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Clinical Trial
, 30 (2), 225-233

Airway Colonisation in Long-Term Mechanically Ventilated Patients. Effect of Semi-Recumbent Position and Continuous Subglottic Suctioning

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Clinical Trial

Airway Colonisation in Long-Term Mechanically Ventilated Patients. Effect of Semi-Recumbent Position and Continuous Subglottic Suctioning

Emmanuelle Girou et al. Intensive Care Med.

Abstract

Objective: To evaluate the impact of continuous subglottic suctioning and semi-recumbent body position on bacterial colonisation of the lower respiratory tract.

Design: A randomised controlled trial.

Setting: The ten-bed medical ICU of a French university hospital.

Patients: Critically ill patients expected to require mechanical ventilation for more than 5 days.

Interventions: Patients were randomly assigned to receive either continuous suctioning of subglottic secretions and semi-recumbent body position or to receive standard care and supine position.

Measurements and results: Oropharyngeal and tracheal secretions were sampled daily and quantitatively cultured. All included patients were followed up from day 1 (intubation) to day 10, extubation or death. Ninety-seven samples of oropharynx and trachea were analysed (40 for the suctioning group and 57 for the control group). The median bacterial counts in trachea were 6.6 Log10 CFU/ml (interquartile range, IQR, 4.4-8.3) in patients who received continuous suctioning and 5.1 Log10 CFU/ml (IQR 3.6-5.5) in control patients. Most of the patients were colonised in the trachea after 1 day of mechanical ventilation (75% in the suctioning group, 80% in the control group). No significant difference was found in the daily bacterial counts in the oropharynx and in the trachea between the two groups of patients.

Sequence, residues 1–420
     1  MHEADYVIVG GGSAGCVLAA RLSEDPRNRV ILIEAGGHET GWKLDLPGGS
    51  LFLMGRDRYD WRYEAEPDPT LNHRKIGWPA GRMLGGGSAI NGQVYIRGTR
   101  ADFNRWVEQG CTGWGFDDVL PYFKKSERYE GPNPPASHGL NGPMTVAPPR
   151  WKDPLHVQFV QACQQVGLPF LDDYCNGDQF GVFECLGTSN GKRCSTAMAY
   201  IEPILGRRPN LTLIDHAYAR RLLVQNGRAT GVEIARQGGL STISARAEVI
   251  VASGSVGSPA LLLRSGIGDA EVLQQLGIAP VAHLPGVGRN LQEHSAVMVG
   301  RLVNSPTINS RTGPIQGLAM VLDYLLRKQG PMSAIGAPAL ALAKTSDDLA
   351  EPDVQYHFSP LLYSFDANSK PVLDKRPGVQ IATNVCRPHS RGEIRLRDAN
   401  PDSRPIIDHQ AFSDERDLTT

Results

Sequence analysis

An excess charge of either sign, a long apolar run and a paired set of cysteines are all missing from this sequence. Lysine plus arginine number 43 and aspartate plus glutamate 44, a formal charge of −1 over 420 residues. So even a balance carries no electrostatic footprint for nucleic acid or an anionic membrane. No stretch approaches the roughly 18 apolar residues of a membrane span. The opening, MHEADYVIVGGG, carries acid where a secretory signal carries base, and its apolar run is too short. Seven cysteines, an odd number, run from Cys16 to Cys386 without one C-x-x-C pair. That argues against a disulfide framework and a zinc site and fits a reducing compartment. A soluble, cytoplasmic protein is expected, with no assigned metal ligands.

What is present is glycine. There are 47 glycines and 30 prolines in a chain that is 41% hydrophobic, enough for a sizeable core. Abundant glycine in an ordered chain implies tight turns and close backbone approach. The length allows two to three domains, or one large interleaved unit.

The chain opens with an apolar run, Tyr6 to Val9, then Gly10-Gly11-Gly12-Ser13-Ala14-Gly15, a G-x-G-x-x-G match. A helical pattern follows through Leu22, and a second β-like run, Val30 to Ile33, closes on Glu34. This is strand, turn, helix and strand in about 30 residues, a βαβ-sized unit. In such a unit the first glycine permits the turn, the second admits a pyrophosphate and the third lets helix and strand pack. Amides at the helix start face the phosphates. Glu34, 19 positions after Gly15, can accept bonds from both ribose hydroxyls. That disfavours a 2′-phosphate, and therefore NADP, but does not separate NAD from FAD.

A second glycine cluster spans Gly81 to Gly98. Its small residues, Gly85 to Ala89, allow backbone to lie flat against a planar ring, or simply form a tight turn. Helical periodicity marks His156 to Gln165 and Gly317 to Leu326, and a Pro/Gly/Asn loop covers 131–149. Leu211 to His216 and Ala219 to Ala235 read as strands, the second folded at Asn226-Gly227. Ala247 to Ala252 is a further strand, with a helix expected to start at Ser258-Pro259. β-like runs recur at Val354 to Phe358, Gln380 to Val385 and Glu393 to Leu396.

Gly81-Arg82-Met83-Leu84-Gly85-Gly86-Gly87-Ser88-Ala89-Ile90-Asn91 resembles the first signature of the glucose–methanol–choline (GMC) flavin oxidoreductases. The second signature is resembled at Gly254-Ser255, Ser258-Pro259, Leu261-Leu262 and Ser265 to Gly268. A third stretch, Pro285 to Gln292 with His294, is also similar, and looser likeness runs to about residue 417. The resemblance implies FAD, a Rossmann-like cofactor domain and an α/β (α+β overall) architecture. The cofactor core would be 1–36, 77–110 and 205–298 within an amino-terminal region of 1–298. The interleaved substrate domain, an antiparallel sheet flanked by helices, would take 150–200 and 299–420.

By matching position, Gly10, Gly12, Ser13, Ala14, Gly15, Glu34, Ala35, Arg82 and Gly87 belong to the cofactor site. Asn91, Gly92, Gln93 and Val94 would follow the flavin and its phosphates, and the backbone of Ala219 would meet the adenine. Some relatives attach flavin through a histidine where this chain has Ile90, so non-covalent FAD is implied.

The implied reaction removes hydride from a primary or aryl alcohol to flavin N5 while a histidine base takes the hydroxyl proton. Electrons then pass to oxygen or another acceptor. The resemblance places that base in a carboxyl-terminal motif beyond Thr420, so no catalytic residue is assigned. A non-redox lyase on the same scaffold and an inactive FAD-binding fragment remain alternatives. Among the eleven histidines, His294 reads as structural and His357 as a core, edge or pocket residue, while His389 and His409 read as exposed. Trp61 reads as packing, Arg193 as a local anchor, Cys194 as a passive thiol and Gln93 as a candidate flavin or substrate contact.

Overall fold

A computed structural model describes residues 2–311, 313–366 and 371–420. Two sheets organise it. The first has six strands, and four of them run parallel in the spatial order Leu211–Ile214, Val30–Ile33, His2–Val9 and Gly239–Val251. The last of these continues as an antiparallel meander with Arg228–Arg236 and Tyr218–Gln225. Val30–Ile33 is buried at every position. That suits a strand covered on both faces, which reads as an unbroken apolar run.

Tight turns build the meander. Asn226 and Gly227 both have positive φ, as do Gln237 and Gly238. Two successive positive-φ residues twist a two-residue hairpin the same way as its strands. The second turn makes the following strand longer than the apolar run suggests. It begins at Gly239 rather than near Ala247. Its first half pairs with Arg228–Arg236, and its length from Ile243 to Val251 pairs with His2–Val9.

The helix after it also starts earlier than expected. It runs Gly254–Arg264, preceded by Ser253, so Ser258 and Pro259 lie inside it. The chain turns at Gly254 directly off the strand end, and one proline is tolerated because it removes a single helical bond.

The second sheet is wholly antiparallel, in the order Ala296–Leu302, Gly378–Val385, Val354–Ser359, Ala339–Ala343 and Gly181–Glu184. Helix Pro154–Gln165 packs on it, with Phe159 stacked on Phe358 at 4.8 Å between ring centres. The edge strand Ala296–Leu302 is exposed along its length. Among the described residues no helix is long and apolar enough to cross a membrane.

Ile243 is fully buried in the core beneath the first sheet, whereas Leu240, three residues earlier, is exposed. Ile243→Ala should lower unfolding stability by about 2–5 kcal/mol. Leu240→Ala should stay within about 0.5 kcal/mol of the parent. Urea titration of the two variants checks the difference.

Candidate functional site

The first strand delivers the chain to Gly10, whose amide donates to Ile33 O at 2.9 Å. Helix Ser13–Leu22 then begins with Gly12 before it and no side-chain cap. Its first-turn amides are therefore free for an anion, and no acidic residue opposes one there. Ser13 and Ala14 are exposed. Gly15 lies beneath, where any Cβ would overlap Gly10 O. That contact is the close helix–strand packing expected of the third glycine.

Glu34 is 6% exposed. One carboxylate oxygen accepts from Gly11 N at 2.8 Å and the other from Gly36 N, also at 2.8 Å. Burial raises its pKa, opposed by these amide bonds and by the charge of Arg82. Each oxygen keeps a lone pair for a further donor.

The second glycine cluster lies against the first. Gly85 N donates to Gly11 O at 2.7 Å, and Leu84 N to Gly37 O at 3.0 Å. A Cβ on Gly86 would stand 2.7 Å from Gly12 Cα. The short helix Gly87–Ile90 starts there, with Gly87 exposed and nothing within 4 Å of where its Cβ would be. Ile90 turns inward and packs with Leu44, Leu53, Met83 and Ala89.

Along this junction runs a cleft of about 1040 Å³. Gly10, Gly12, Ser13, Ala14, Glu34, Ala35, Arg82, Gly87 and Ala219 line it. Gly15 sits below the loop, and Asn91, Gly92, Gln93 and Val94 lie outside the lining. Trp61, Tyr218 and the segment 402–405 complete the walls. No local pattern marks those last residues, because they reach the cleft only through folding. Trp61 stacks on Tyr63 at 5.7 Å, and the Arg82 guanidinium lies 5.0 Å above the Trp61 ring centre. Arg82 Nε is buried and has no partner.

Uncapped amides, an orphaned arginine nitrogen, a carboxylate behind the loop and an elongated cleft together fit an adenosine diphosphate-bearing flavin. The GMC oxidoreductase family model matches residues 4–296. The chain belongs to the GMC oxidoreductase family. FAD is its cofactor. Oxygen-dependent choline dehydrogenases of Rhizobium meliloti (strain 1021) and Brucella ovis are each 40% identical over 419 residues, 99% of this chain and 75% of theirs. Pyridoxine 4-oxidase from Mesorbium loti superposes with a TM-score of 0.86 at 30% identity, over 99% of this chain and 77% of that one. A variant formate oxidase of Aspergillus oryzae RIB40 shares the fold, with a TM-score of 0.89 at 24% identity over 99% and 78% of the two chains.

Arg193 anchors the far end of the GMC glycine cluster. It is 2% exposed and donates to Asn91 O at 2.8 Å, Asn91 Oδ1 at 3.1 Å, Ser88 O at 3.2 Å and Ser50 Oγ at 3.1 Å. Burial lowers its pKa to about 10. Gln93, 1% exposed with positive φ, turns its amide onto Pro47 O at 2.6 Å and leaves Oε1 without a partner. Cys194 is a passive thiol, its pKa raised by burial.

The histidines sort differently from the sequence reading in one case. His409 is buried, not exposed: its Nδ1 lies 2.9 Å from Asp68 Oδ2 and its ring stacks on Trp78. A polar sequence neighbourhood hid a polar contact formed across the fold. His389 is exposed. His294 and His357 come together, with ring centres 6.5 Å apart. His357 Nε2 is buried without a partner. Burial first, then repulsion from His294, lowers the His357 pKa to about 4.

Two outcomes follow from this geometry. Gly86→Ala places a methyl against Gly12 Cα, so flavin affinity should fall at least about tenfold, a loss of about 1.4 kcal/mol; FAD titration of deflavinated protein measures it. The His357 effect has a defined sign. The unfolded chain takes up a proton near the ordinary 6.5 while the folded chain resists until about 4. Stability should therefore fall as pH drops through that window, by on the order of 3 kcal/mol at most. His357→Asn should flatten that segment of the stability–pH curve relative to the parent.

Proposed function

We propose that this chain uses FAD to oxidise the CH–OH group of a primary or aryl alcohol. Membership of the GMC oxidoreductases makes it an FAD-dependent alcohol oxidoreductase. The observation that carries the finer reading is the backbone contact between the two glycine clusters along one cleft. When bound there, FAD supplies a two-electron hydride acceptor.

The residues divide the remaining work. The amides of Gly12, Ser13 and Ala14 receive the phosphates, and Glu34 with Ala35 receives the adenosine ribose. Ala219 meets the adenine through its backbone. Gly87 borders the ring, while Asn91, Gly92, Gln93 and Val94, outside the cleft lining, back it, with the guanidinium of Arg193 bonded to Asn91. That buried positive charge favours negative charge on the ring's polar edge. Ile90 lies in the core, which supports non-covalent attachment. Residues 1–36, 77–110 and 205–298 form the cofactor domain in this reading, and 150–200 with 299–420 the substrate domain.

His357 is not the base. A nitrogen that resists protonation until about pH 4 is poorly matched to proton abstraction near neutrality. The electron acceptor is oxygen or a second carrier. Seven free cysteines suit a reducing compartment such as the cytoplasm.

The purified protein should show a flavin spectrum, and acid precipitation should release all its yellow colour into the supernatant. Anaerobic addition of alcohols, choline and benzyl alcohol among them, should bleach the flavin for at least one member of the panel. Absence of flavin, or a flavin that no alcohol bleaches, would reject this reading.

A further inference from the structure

Conclusion: Tracheal colonisation in long-term mechanically ventilated ICU patients was not modified by the use of continuous subglottic suctioning and semi-recumbent body position.

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